I am met in the parking lot by a grey haired woman in a blue vest that reads “escort” in big letters, and by a security guard packing heat. In the adjacent parking lot is the “fetus van,” a local anti-abortion effort involving a truck emblazoned with a picture of a 7 week embryo magnified thousands of times. While we wait for security to clear me, the clinic escort tells me how in the 70’s when she started doing this work “we literally had to step over the bodies of protesters lying down in the parking lot trying to block women from entering the clinic. It’s gotten a lot better.” Then the security guard gets the all clear and brings me inside.
One patient has a history of bleeding during her previous abortion, and upon talking to her, we find she hemorrhaged badly during the birth of her child. She sits there anxiously. She looks older than her age. She tells us she is afraid she might die if she continues this pregnancy. In Baltimore we might have sent her to the hospital-affiliated abortion clinic for higher risk patients but here in the mountains we are the end of the line. The nearest hospital is catholic. The nearest abortion clinic is hours away, and the time it would take to get another appointment, if she could get one, and get to it, would put her further along in her pregnancy, and with each week of pregnancy her uterus grows, and with it, it’s ability to hemorrhage more blood. So the doctor talks through with her her history and her risk factors, and scrutinizes the ultrasound to confirm the dating. In the end she decides the safest thing is to do it today. The nurse readies two medications to clamp down her uterus in case she bleeds. But the procedure goes fine, with almost no bleeding, and we place the IUD the patient wanted, and then we’re done.
The first day I worked at the abortion clinic in Baltimore, the attending physician asked me I planned to do procedures or just observe. I’ll do it, I said, feeling squeamish. Abortion is an icky word in America. We avoid it, slipping in the euphemisms of “choice” and “life.” Babies are the happy, life-affirming endings to our stories. Abortion is a little painful and a little bloody. But there have been times, and may again be times in my life where I know if I got pregnant I would get an abortion, so I it seemed unethical to deny to others what would be my own choice.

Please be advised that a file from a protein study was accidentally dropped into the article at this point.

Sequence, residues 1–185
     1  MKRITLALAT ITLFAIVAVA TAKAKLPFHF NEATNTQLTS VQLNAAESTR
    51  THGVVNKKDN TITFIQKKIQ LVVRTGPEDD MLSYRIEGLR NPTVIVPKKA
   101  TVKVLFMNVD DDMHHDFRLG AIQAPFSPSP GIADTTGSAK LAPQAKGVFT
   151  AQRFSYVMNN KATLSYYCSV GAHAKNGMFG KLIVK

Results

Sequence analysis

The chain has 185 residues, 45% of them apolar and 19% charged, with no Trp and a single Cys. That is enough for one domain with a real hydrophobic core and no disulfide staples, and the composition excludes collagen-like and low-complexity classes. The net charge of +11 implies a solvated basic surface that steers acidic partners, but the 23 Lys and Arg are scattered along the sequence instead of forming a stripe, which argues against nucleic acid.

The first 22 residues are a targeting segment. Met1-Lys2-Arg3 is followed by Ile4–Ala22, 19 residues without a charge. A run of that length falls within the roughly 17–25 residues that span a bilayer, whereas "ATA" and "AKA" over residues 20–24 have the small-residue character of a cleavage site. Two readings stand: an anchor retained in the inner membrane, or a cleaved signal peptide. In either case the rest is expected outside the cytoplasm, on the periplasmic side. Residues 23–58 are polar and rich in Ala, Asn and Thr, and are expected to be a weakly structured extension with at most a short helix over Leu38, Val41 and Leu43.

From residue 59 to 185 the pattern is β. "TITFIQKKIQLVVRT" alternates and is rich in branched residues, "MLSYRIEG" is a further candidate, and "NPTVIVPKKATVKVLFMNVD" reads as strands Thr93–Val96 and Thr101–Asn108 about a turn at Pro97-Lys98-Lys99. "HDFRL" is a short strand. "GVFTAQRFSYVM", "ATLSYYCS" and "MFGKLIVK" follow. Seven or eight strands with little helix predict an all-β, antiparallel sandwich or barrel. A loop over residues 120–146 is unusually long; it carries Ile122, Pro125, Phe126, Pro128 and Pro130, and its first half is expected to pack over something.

Shortly after finishing that gynecology rotation, I went camping on the beach with my parents. My mother asked what I’d be up to at work, and I told her, including the abortions. It felt strange to say the word “abortion” to my mother. My mother responded with a story about my great-grandmother’s sister. It was actually a story from my father’s side of the family. I knew she had died young and her children were sent to an orphanage, except for one daughter who was raised with my grandmother.
She had married young, then had four children in as many years, and it was all she and her husband could do to support them. When she found herself pregnant again, she went and got a back street abortion, and then she died of sepsis. The family begged her to disclose the name of the surgeon, and on her deathbed she refused.
I thought of the nurse at the abortion clinic watching us like a hawk for sterile technique, the iodine and chlorhexidine scrubs of the cervix, the autoclaved instruments, the antibiotics. I thought of the one patient who had hemorrhaged, and “forgotten” to tell us that she had bled badly during the C-section delivery of her last child. We gave her multiple medications, reached up with our gloved hands to remove clots from her uterus, massaged her belly hard enough that she yelled but finally the bleeding slowed.
I also thought of the woman whose baby I had just delivered who had hemorrhaged almost two liters of blood postpartum. This is bloody business no matter how you slice it, and I am new enough in this business that the wait between when you give a medication and when it actually takes effect is agonizing.
Back to the abortion clinic in the mountains, the next few patients have more straightforward stories. They are not thrilled to be here, and are relieved to leave no longer pregnant. The next patient is also here for medical reasons. She had a recent C-section, with a risk of uterine rupture if she continues the pregnancy. Her last babies were longed for, finally conceived with IVF, and now this pregnancy happened on its own, and the timing is a sad sort of funny, and all wrong. She too, leaves no longer pregnant, and with birth control. It’s birth control for everyone today. Post-abortion birth control may be the service most irreplaceable if Planned Parenthood is barred from billing insurance for routine health care. (I anticipate that leading to more abortions.)
The last patient is a young immigrant here with her older American husband. He tried to speak for her at intake, a red flag for staff, who get an interpreter on the phone and re-ask all the questions when she is in the exam room. She answers without hesitation. Yes, she wants this abortion. No, no one is forcing her. I like to tell each patient each step before I do it. No one should have surprise fingers or instruments in her vagina. The nurse is trying to pass the cell phone fast enough for interpretation, and finally settles for announcing each step herself to keep translation fast enough. When I leave, her husband is smoking and pacing outside, more anxious than the patient herself. The stories get complicated here.
Abortions are actually down at this clinic, which means they are down for this whole far-flung rural, mountainous region it serves. Delivery rates are down at most of the major hospitals as well. The senior doctor’s best guess is it’s the IUDs. And I think about how this little clinic nestled among the warehouses, in this town that is itself nestled among these glorious mountains, feels like a refuge in this ever crazier world.